Life is like music; it must be composed by ear, feeling, and instinct, not by rule.

Thursday, March 18, 2010

Don't Forget About Commitment and Dedication

I read Gordon Pirie's "Running Fast and Injury Free" for the 11th time
last night (I just can't stop reading it over and over because it has
great information and valuable perspectives). During my run this
morning, I was thinking about a couple of the issues Gordon discusses
in his book.

First, he talks a lot about the time and commitment it takes to become
a good runner. This made me think about how much more in tune I am
with my body than I was last year, or the year before, or the year
before that. I looked at my 3 year log after my run, and I’ve
averaged about 40 miles per week consistently for 3 years yet it
hasn’t been until recently that I’m really starting to establish a
relationship between my mind, body and soul with respect to running.

I remembered the gentlemen (71 yrs. old; been running for 40+ years;
only suffered a few injuries early in his running life; and still runs
in marshmallow shoes; and averages 50+ miles per week to this day)
that told me it takes a minimum of 3 years of consistent dedicated
running before you even begin to understand how to run, learn proper
running form and technique, understand how to listen to your body or
what your body is even communicating to you. Gordon Pirie quoted a
study that, in talking about how long it takes to become a champion
runner said, “an average of 10.2 years was needed for champions to

My point is obviously but one we may overlook from time to time which
is while the shod vs. unshod discussion is very important, regardless
of what you put on your feet, or don’t put on your feet, it takes
drive, commitment and dedication to improve and this means, in my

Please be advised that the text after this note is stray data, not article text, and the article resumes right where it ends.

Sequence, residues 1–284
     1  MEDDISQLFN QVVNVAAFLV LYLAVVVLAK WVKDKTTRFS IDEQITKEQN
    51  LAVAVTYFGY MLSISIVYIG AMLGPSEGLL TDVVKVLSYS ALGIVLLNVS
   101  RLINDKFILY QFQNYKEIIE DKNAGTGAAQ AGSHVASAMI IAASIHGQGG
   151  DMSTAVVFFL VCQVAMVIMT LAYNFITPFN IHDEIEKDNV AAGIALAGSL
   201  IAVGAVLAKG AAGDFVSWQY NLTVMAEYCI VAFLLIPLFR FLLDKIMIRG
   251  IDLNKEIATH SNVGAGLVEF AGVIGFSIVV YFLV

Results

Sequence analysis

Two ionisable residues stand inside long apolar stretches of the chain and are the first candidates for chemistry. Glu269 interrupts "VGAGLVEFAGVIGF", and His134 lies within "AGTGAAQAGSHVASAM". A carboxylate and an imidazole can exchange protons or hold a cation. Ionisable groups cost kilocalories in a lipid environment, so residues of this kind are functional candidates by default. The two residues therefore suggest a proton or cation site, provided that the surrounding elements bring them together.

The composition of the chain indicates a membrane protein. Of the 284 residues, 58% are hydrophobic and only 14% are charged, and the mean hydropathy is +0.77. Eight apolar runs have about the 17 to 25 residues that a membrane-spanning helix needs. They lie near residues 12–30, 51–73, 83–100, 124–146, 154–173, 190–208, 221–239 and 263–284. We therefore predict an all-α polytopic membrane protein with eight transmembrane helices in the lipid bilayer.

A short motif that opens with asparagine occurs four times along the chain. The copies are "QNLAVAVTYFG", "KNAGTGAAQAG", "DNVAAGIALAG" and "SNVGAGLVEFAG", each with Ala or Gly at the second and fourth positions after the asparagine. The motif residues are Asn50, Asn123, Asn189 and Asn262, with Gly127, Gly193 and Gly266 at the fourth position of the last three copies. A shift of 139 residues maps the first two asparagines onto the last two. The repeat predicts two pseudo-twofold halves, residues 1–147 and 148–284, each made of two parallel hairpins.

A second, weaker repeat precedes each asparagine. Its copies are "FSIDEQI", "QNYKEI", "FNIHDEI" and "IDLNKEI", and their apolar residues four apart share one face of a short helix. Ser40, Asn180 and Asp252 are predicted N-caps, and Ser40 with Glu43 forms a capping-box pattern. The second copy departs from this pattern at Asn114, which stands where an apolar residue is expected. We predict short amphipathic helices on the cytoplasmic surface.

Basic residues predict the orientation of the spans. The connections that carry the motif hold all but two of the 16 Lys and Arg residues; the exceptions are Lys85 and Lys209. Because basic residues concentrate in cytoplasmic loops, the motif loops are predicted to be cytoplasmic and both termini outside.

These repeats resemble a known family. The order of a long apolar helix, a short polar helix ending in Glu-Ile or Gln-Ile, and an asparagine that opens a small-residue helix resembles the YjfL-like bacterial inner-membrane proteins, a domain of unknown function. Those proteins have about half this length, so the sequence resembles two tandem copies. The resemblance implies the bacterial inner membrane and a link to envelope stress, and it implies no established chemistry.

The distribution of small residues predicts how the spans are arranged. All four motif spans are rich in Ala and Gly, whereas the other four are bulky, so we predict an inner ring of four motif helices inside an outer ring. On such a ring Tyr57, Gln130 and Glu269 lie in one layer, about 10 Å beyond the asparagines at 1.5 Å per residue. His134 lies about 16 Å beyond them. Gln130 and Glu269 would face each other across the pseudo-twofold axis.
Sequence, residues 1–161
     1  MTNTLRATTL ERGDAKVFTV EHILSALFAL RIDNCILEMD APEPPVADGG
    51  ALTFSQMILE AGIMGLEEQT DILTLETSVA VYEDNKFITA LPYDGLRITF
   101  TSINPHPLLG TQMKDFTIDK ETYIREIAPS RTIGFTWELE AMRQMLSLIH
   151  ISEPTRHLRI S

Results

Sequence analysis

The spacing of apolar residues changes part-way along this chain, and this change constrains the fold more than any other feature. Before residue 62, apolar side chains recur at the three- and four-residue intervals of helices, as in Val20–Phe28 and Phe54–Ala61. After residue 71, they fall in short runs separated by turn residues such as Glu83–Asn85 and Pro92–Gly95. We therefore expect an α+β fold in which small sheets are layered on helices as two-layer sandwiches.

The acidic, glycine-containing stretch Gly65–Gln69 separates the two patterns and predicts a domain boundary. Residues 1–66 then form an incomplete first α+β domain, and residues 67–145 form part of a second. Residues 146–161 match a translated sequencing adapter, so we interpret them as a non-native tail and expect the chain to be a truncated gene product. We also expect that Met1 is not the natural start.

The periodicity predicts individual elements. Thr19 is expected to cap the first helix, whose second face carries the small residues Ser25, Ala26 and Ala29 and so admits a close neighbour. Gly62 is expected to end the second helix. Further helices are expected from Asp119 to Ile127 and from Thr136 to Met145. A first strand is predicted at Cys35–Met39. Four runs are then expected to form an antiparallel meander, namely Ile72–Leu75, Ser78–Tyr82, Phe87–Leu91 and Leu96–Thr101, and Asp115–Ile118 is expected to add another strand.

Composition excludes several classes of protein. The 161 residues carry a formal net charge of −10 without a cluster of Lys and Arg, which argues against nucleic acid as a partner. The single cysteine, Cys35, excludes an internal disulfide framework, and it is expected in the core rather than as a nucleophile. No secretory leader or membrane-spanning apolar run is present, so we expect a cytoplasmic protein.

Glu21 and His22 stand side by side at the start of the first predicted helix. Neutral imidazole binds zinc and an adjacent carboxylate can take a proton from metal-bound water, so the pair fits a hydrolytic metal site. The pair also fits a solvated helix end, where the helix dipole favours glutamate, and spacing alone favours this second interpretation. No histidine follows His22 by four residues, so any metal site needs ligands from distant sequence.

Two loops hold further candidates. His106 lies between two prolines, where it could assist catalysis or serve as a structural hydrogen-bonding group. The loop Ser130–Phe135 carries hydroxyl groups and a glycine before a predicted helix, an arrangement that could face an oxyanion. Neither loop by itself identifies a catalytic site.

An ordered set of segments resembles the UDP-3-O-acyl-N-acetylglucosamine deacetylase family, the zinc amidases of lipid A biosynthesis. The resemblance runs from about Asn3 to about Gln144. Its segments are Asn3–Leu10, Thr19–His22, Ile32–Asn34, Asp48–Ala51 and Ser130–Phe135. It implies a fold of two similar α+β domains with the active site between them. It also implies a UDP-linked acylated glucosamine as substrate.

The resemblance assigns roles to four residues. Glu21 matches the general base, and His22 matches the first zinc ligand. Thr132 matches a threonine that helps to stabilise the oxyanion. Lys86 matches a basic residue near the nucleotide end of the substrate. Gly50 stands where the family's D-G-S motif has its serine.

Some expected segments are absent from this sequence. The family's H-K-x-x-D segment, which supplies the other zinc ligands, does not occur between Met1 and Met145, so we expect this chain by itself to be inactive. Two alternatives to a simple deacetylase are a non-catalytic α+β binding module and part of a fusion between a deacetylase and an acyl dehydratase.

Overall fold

opinion, continuing through the “ups, downs, good and bad.” I’ll even
go further and say, I don’t believe we were designed to be
“recreational runners.” I believe we were designed to be “full time
runners.” So what’s the difference between “recreational” and “full
time,” well if I had to give a concrete answer I’d say a minimum of 5
days per week of running is required, and to quote the gentlemen, this
consistency must be maintained for many years. Obviously, I believe
barefoot and/or minimalist running enables one to listen to their body
easier and better but the requirement for practice and dedication

Second, Gordon’s discussion about the connection of the body and feet
has changed the way I run, or at least how I perceive I run, in terms
of how my mind is tuning into my body. Gordon said:

“My first coach back in 1941 was E.J. Holt. He was a trainer of many
champion runners,
as well as being one of the organisers of the 1956 Olympic Games. All
of his athletes did
prancing and bounding exercises initially, to learn to run. We often
did this in bare feet, if
the weather permitted. We learned to be very conscious of the role our
feet could play in
improving our running, and inhibited our arm action during this foot-
education process so
that our minds could focus entirely on what was going on at the end of
our legs.”

He went on to say the following regarding the role of our feet:

“Correct running should feel like a series of very quick but powerful
pulses, with the arms
and legs working in unison, followed by a period of relaxed flying
between each power phase.
Try to take a quicker stride than is natural. Quicken up! Get your
feet back onto the ground
as quickly as possible. This can be achieved by strong arm-stopping,
which causes the foot to